City Rights Amsterdam

Dear all, I am Ann, am rather new to the Forum. I live in Amsterdam, I work with refugees and (undocumented) migrants here.

I work with a group of undocumented migrants who have very little protection in Amsterdam. The city offers them a place to sleep at night -Bed Bath Bread- but they have to leave during the day, they don’t receive any other support. At this moment the location is too small, so often people have to find a space in homeless shelters.

Amsterdam is a rich city, full of resources, but this group is systematically excluded from them. Lobbying hasn’t helped, which is why we want to set up City Rights: an initiative to unlock the resources in the city for all citizens. Citizens should have access to shelter and showers, to an occupation.

We are reaching out to other initiatives, to find examples which have worked, which we can put in practice here. Please don’t be shy, am looking forward to hear from you.

All my best,


Where do they usually go when they have to leave? To the street to panhandle for money?

Hi John,

They go to the streets, and to an organisation called Wereldhuis -World House- which is setting up the City Rights initiative.

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Thanks. Is it assumed by the public that this is the government’s responsibility?


Welcome, @anncassano! Glad to have you here. I am based at Edgeryders HQ in Brussels, so we are practically neighbors.

Can I ask @alex_levene to step up here? Not only for his considerable experience, but also to point Ann to other people here who face similar issues. @yara_al_adib (in Antwerp) has both experience and design skills here, and may have something to contribute.

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Hi @alberto,

Thanks for the welcome. I grew up in Belgium - am half-Italian- so I am in Belgium regularly. Would you mind having coffee when I’m around. I would be happy to meet with @yara_al_adib, too.

All my best,


Dear John,

Well, straight to the heart of the matter :slight_smile: Undocumented people are asylum-seekers who have been declined asylum or migrants who outstaid their visa. Formally they have no right to be on EU-soil. But they cannot always return to their country of origin because of all kind of reasons. Eg China does not accept the return of Chinese citizens who have applied for asylum elsewhere. Hence people are stuck.
THey don’t exist administratively, so on paper, on policy -level they aren’t dealt with. But of course they exist, they are here, in the city. So usually it’s cities and mayors who deal with the issue, because they know if they don’t, that people will be homeless, and that will cause unrest.
So cities in the Netherlands formulate their own policies on how the deal with these people. Amsterdam is quite a left-leaning city, but they offer very little support. It’s just enough for people to survive, but not to be able to live. Other Dutch cities offer more support. There is also the argument of pull-factors: cities are afraid that if they offer more, more undocumented people will move there.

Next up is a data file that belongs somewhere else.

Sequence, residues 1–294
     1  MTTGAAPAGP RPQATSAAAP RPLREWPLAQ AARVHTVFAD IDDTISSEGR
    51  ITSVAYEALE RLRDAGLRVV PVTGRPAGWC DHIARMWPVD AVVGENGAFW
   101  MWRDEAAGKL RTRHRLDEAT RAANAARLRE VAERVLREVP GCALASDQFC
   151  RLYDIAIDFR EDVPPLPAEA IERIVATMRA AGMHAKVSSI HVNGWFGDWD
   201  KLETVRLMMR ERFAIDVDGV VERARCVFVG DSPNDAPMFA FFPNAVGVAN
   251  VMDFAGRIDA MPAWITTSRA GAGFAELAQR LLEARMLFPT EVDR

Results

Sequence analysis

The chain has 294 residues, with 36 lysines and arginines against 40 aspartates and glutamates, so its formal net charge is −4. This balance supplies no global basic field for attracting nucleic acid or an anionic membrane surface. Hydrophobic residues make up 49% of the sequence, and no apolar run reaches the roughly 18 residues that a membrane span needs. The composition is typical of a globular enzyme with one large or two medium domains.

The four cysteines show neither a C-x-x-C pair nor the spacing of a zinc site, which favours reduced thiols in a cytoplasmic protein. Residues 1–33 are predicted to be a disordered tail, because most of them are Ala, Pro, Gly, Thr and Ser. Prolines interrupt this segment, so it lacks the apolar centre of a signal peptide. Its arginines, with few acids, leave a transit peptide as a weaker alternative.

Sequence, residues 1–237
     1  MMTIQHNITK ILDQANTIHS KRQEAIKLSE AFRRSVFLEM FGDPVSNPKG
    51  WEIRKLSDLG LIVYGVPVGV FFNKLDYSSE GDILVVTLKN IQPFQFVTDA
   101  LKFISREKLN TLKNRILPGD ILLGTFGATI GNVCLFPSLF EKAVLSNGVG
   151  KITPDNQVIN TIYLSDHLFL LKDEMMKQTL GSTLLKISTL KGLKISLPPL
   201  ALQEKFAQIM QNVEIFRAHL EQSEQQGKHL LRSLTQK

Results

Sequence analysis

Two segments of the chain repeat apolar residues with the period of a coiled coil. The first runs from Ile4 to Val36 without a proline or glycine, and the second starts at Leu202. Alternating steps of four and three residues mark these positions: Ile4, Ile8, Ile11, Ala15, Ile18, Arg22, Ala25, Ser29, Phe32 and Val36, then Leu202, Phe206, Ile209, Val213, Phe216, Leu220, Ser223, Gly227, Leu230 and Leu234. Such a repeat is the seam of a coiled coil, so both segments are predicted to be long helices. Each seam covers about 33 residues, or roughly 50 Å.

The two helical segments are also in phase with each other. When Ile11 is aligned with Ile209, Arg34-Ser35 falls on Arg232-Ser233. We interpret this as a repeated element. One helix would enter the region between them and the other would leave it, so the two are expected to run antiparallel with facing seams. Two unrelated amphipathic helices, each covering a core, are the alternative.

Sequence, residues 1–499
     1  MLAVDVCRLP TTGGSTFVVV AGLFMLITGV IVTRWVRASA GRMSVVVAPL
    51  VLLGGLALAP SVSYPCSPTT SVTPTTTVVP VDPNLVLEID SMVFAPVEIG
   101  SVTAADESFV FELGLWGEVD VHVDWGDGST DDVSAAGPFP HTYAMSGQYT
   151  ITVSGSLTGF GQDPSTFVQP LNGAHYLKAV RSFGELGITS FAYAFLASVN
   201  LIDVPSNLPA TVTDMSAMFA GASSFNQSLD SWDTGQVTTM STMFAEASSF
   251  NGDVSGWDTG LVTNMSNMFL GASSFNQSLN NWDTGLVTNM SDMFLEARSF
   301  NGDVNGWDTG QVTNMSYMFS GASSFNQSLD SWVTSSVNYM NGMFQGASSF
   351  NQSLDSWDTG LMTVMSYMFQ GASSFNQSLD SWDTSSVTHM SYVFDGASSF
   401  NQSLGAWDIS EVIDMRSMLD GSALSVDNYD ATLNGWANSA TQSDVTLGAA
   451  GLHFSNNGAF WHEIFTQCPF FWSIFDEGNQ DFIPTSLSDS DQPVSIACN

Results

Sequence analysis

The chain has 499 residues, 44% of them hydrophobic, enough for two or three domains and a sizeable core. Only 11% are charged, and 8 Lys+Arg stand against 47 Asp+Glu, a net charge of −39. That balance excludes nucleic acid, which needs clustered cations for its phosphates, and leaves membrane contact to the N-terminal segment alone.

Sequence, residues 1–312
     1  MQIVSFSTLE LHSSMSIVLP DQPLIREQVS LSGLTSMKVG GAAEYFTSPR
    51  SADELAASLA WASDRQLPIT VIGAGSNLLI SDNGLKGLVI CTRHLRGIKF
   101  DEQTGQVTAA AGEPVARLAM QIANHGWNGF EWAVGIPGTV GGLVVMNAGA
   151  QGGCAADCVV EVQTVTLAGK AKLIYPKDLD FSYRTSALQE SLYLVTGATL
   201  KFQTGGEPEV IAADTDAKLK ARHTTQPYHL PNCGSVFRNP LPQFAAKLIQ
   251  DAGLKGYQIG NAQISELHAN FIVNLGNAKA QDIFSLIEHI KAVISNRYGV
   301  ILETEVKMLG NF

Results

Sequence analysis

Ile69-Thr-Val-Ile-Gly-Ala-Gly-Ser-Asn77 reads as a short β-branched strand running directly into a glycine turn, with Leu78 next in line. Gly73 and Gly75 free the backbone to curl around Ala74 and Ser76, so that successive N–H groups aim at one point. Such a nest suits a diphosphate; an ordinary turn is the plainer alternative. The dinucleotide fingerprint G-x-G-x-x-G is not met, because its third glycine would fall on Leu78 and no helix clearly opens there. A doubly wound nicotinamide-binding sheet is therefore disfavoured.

The public, well, left-leaning people like me feel the city should do more, right-leaning people think that this group of people shouldn’t be here, hence they don’t have a right to anything.

Yara = wonderful person. Highest recommendation. Same with Alex.

But it sounds a lot like homeless problems in California where I live in terms of how governments handle it. The cities deal with it. Of course many here are not refugees from other countries, but they do come from other parts of the US and it is left to the local city to deal with it. It sucks to be homeless in the USA, but at least in California they don’t freeze. In Santa Monica the city provides lockers, showers and wash machines, but then they all go sleep wherever and spend their days on the street. In Berkeley, Oakland and SF they live in pretty big tent cities under freeway underpasses. Rich California cities have not made much progress at all with the problem and it has been decades now…

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Of course, Ann. You are welcome to visit us at The Reef. You can easily contact me through the platform.

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Thanks. I was in LA and San Francisco, and was rather shocked by how many homeless people there were in both cities.

Like school shootings, the USA seems to want to just not deal with it. America: freedom to succeed, freedom to fail.

Hi Alberto, I will be in Brussels this weekend for the Fearless Cities conference. Will any of you be there? If not, I would love to have coffee with you or somebody of the Edgeryders. ALl my best, ANn